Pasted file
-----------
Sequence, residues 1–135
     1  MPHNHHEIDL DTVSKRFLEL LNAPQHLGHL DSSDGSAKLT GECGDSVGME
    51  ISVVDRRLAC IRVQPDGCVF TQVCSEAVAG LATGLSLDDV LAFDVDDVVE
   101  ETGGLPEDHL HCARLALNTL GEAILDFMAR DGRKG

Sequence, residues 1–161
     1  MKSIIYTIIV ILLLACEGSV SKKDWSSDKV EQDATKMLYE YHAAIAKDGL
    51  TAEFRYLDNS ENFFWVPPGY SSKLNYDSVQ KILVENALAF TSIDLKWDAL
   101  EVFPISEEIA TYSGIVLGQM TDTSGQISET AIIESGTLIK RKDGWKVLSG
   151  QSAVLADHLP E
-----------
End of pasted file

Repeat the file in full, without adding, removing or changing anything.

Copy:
Sequence, residues 1–135
     1  MPHNHHEIDL DTVSKRFLEL LNAPQHLGHL DSSDGSAKLT GECGDSVGME
    51  ISVVDRRLAC IRVQPDGCVF TQVCSEAVAG LATGLSLDDV LAFDVDDVVE
   101  ETGGLPEDHL HCARLALNTL GEAILDFMAR DGRKG

Sequence, residues 1–161
     1  MKSIIYTIIV ILLLACEGSV SKKDWSSDKV EQDATKMLYE YHAAIAKDGL
    51  TAEFRYLDNS ENFFWVPPGY SSKLNYDSVQ KILVENALAF TSIDLKWDAL
   101  EVFPISEEIA TYSGIVLGQM TDTSGQISET AIIESGTLIK RKDGWKVLSG
   151  QSAVLADHLP E